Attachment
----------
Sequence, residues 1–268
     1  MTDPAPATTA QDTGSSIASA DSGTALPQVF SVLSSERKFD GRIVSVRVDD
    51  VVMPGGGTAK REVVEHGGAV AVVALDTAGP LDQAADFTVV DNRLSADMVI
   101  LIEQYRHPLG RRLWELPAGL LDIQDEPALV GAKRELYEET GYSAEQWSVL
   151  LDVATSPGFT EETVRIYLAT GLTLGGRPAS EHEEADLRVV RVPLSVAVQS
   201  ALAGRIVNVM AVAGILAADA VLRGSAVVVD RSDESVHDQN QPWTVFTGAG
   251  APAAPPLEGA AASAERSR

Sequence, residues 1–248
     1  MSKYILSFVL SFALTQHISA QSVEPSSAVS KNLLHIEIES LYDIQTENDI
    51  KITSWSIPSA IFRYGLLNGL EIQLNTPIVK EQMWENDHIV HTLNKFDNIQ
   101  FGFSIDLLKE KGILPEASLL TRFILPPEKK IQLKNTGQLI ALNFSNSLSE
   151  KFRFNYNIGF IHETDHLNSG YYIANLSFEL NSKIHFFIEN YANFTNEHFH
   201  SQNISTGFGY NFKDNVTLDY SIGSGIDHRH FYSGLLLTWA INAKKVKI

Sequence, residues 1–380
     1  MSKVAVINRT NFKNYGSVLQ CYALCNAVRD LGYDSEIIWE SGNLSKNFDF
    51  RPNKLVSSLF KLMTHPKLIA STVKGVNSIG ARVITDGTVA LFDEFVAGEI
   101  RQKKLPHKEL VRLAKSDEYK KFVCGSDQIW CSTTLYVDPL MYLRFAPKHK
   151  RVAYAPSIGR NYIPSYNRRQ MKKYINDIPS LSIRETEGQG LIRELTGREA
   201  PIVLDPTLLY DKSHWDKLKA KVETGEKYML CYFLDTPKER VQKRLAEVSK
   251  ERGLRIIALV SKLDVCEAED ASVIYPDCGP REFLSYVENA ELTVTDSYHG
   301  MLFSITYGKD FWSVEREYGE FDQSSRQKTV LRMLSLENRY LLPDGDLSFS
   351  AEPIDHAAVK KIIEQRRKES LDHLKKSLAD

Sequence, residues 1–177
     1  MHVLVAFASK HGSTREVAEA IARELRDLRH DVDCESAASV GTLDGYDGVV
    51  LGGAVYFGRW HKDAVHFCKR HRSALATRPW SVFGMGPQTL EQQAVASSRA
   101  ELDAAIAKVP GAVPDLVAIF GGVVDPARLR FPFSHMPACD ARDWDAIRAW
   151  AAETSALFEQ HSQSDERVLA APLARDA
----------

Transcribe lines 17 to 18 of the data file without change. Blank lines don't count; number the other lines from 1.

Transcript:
   101  RQKKLPHKEL VRLAKSDEYK KFVCGSDQIW CSTTLYVDPL MYLRFAPKHK
   151  RVAYAPSIGR NYIPSYNRRQ MKKYINDIPS LSIRETEGQG LIRELTGREA